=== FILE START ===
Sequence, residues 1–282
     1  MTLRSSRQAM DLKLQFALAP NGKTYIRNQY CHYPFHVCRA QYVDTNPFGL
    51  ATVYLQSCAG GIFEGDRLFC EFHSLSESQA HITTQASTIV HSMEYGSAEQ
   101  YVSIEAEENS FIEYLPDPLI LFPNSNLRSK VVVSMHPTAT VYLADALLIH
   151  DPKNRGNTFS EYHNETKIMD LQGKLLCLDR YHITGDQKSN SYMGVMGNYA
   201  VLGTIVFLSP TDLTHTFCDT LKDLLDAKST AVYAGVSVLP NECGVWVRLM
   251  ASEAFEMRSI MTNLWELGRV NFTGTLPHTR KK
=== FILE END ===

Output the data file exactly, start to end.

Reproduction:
Sequence, residues 1–282
     1  MTLRSSRQAM DLKLQFALAP NGKTYIRNQY CHYPFHVCRA QYVDTNPFGL
    51  ATVYLQSCAG GIFEGDRLFC EFHSLSESQA HITTQASTIV HSMEYGSAEQ
   101  YVSIEAEENS FIEYLPDPLI LFPNSNLRSK VVVSMHPTAT VYLADALLIH
   151  DPKNRGNTFS EYHNETKIMD LQGKLLCLDR YHITGDQKSN SYMGVMGNYA
   201  VLGTIVFLSP TDLTHTFCDT LKDLLDAKST AVYAGVSVLP NECGVWVRLM
   251  ASEAFEMRSI MTNLWELGRV NFTGTLPHTR KK